Swords of the Serpentine guidelines

Swords of the Serpentine, by Emily Dresner and Kevin Kulp, is Fantasy GUMSHOE as seen through a lens of classic swords and sorcery. That means different things to different people, though, so we wanted to share with you the set of collected guidelines we’ve used when writing the game.

  • Adventures are episodic. Months or years may pass between when adventures are set, and a Hero’s fortunes may rise or fall from one adventure to the next. Adventures may occur out of chronological order.
  • The actions of Heroes change the world around them in fundamentally important ways.
  • A Hero’s own abilities are far more important than their gear. Gear gets lost, abandoned, and stolen, but when you’re shipwrecked or taken captive, you can always rely on yourself.
  • The gear that’s most important is the gear that’s named.
  • Sorcery is rare and dangerous, and seldom can be trusted. Sorcery corrupts and has a cost. Its rules and origins are little-known.
  • Not all secrets in the world should, or need to, be known.
  • There are few, if any, non-human societies. Those that exist tend to be horrific or alien.
  • A Hero’s motivations may start out simple: survival, vengeance, and wealth. Motivations and Drives likely grow more complex and sophisticated over time.
  • The world is hard and seldom fair. All too often, “justice” varies based on your wealth and importance.
  • The world (and Heroes) are filled with moral shades of gray and are seldom black and white.
  • The great Heroes carry their reputation before them.
  • The phrase “mighty thews” shows up way more often than you would probably expect.
  • Quests tend to be small, personal, and centered around self-interest and small groups instead of saving a nation or the world.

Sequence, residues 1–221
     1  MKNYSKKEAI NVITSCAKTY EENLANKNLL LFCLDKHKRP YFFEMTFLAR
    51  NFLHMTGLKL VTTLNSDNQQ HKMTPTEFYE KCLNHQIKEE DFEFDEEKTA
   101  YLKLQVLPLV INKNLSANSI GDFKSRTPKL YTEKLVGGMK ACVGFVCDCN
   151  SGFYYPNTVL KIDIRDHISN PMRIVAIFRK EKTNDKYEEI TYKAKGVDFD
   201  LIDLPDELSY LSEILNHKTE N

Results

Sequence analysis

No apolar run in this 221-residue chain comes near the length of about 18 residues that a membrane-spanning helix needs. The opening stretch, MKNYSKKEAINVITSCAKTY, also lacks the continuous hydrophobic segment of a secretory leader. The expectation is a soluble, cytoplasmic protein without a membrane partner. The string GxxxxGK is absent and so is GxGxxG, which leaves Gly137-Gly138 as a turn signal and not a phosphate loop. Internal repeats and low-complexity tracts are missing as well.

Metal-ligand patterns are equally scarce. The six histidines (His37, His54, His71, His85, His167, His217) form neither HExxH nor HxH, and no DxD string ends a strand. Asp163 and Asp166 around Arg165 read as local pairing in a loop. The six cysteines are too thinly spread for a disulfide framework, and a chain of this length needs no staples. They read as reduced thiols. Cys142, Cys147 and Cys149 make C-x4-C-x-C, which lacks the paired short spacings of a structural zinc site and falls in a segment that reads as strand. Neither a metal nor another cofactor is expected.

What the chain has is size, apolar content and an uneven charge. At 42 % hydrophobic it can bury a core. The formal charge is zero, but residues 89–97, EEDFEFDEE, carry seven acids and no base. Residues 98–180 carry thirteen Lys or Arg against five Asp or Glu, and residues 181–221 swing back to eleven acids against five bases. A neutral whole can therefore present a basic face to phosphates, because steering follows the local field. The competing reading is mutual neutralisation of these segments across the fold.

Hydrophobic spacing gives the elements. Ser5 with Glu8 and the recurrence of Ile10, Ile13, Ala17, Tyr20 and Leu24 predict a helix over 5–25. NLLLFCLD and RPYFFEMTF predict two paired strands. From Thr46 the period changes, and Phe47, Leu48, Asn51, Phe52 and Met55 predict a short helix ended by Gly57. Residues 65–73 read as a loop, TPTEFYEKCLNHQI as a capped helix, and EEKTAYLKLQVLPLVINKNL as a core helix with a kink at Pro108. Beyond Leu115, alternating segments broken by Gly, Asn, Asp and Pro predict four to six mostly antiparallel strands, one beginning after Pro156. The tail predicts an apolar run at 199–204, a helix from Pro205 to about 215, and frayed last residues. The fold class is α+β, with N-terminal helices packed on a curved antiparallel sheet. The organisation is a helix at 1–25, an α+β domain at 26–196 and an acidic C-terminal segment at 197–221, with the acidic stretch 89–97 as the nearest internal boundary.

• Wealth is transitory. Heroes live for today; they may find great wealth, but they’re impoverished again before you know it. Money slips away or is squandered, and Heroes must seek risks to capture more.
  • The sly and clever villain is not necessarily puissant in combat. That, of course, is why they hire protection.
  • Villains linger, as do their plans.
  • The unknown conceals horror, and is seldom safe.
  • The boundaries of kingdoms are fluid and are seldom set in stone. They vary based on the actions of the strong.
  • The world is old and crumbling, and lost history abounds.
  • Whimsy lurks in unexpected places, and cleverness is everywhere.

In the comments below, let us know if there are aspects of swords & sorcery in your own game that you’d add or change on this list.

In the coming months we’ll talk more about what Swords of the Serpentine does, including the Sorcery rules, a brand new combat system designed to make fantasy combat as exciting and cinematic as you’d dream it could be, player narrative control, and how the core mechanics handle everything from dungeon crawling to manipulating the most important people in the city. Thanks for staying with us.

For more information, follow Emily (@multiplexer) and Kevin (@kevinkulp) on Twitter at #serpentineRPG or #gumthews, and look for more articles in See Page XX leading up to next year’s release.

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